The basic premise of the '80s TV series "The Equalizer" was just generic enough to survive on CBS in that decade of bland, and in making the jump to the big-screen, it appears to have survived with all of that bland firmly intact.

While I personally didn't care for much of anything about the film, I don't think it's ineptly made or awful so much as just forgettable. It's a teflon film. It slid right off my brain pan just as soon as it made it in through the rods and cones, and even trying to summon up specific scenes or gags a few days later, I can already feel it slipping away. Part of the problem is just plain familiarity with the tropes of the film. Denzel Washington plays Denzel Washington, essentially. This isn't a character the same way Creasy in "Man On Fire" was a character. It's a very mild riff on the persona that he's firmly established over the last 20 years, and the one thing that distinguishes him is the way he sort of thinks his way through a fight visually before it happens.

Sound familiar? It should. We've seen it a lot lately. The two examples I can think of right away are "Jack Reacher" and, specifically, the "Sherlock Holmes" movies with Robert Downey Jr. It felt fresh when Guy Ritchie did it, but at this point, it doesn't seem like that's enough to hang a movie on, and there's really nothing else to recommend about "The Equalizer." Antoine Fuqua's got this weird streak of uber-violence that marred "Olympus Has Fallen" for me and that really pulled me out of this movie several times. I'm not a squeamish viewer, but it's just out of place here. For the most part, the film chugs along in this sort of amiable low-key mode, but every now and then, when it erupts into bloodshed, it is almost absurdly violent, and it's hard for me to describe it as fun when it gets that savagely bloodthirsty.

They could have called the film "The Handyman," and it would have been just as apt a title as the one they actually went with. Moreso, maybe, since it's not like anyone every uses the term "equalizer" in the movie or mentions anyone getting equalized. Honestly, if the point of the film is that this someone who helps people who can't help themselves in any way, the various people he helps in the film are a fairly lousy line-up. I like Chloe Grace Moretz as a performer, but she is profoundly miscast here as a downtrodden Russian hooker who sets off Washington's sympathies. Moretz is simply too strong, too well put-together, too unbroken for the character to work. It would help if there was something more to the script, but she's stuck doing all the heavy lifting, and she's the wrong person to do it.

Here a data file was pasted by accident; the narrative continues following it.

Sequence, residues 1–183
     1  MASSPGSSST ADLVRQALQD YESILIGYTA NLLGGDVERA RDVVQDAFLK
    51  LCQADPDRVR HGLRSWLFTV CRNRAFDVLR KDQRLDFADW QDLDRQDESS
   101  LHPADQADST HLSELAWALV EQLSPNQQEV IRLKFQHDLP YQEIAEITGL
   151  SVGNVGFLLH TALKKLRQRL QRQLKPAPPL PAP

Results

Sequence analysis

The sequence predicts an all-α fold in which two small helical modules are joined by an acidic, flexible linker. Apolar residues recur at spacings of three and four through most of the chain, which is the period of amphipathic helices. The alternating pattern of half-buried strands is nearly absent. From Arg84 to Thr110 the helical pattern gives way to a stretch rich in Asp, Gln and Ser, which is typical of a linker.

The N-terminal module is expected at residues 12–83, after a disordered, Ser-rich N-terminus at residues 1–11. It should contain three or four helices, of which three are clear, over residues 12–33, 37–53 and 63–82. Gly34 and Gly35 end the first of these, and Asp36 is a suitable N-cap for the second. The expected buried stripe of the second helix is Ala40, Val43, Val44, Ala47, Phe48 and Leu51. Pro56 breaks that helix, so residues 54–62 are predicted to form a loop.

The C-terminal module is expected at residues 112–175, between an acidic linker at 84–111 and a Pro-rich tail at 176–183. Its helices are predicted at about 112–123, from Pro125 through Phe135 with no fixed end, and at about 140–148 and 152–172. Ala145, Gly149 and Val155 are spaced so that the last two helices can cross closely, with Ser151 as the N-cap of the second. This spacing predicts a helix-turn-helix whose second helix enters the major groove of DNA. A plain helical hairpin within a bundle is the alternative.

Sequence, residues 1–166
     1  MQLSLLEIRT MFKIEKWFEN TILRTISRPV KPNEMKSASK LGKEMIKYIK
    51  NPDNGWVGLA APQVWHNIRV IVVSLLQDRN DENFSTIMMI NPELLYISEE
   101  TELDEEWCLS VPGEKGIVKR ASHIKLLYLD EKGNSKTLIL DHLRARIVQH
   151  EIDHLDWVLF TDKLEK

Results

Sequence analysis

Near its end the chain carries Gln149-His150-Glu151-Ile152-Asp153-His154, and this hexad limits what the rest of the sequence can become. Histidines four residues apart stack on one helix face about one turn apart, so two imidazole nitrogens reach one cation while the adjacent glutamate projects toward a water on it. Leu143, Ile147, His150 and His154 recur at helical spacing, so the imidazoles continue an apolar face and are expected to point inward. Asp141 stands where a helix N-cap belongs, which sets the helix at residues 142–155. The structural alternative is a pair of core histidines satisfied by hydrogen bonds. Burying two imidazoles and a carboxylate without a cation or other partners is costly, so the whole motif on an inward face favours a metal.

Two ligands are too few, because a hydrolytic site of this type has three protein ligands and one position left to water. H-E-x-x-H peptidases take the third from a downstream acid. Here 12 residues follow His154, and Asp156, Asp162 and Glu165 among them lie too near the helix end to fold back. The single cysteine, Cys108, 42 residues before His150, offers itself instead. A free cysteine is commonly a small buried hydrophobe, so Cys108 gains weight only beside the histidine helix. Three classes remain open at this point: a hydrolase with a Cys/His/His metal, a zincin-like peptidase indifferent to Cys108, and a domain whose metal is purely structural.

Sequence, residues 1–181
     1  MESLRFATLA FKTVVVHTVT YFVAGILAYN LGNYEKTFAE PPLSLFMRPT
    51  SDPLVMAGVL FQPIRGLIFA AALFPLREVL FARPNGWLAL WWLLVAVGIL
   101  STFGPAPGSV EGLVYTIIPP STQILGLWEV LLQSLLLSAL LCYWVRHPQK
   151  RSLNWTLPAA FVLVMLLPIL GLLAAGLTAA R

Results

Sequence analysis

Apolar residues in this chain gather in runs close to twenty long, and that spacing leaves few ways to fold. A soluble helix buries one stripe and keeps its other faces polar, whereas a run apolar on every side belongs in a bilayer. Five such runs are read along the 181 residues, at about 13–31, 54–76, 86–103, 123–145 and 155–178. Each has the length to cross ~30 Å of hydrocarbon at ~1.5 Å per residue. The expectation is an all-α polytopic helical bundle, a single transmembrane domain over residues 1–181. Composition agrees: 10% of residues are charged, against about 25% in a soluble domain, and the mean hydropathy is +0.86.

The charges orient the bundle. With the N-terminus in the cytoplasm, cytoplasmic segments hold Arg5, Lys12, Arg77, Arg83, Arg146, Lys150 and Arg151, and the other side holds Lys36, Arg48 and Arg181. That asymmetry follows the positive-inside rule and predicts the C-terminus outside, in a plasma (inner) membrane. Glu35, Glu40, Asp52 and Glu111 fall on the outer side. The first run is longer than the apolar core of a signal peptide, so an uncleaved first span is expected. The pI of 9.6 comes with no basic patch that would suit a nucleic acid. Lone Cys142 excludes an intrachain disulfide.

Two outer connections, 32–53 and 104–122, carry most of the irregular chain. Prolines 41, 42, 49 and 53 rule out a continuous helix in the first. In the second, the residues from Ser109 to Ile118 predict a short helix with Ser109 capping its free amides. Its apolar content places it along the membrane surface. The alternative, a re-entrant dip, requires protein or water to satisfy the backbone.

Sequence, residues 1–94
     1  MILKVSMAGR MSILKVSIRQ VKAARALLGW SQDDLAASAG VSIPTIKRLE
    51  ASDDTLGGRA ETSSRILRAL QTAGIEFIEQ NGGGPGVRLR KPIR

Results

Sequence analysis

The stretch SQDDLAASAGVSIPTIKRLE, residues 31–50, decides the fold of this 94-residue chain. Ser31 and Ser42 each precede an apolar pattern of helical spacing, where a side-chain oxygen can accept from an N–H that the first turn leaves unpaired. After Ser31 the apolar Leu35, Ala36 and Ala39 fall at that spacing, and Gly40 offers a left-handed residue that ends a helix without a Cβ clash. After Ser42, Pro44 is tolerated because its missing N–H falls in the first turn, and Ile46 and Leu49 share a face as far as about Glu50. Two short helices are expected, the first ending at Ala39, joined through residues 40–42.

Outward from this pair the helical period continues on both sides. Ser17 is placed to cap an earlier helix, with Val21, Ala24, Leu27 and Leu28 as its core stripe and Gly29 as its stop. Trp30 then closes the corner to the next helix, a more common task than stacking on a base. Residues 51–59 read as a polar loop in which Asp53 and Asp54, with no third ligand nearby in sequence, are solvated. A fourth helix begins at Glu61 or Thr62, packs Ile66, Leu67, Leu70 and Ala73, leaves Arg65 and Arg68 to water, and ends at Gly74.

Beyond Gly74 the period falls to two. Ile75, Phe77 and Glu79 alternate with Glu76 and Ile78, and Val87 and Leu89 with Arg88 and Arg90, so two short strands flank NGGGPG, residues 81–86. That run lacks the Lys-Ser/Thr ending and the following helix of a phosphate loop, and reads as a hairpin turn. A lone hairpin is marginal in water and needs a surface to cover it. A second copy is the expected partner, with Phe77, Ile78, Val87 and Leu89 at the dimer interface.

Likewise, I think Martin Csokas is straight-up terrible as the bad guy in the film. He plays it so big and so broad that it would only really work if he turned out to be a genuine threat, the immovable object to Denzel's unstoppable force. Nope. There's a lot of build-up that's supposed to make him seem like that, but when it actually comes down to it, I simply don't buy it.

The last act of this film is essentially "Home Alone" in a Home Depot, and it's super-silly. It takes a long time to get there, too, and I can't think of a single scene along the way that did anything for me. It's almost surreal to me to watch a film where it feels like all the hopes and dreams of the filmmakers rest on movie star charisma carrying the day. Considering how long we've been hearing how high the test scores on this film have been (a story studios are only happy to have reported when it works in their favor), and considering they already greenlit the sequel, I expected something more, something with either some real substance or a greater sense of play.

There's probably a franchise here is the first one works, but the writing's got to get a hell of a lot more clever and quick, because this just isn't enough. Then again, if this hits, it serves as a real reinforcement of how valuable Denzel is in terms of casting, because there's really nothing else Fuqua can lean on as a draw. It's technically fine. The photography by Mauro Fiore, the score by Henry Gregson-Williams, the way John Refoua cuts the action… all of it is fine. But unless there's a compelling reason for these characters to be entangled, I don't get the point. It's a dull film, and when you're making a giant action movie franchise about a former intelligence agent who chooses to spend his days working anonymously at a hardware store, "dull" seems like just about the worst thing it could be.

"The Equalizer" opens everywhere September 26th.

A respected critic and commentator for fifteen years, Drew McWeeny helped create the online film community as "Moriarty" at Ain't It Cool News, and now proudly leads two budding Film Nerds in their ongoing movie education.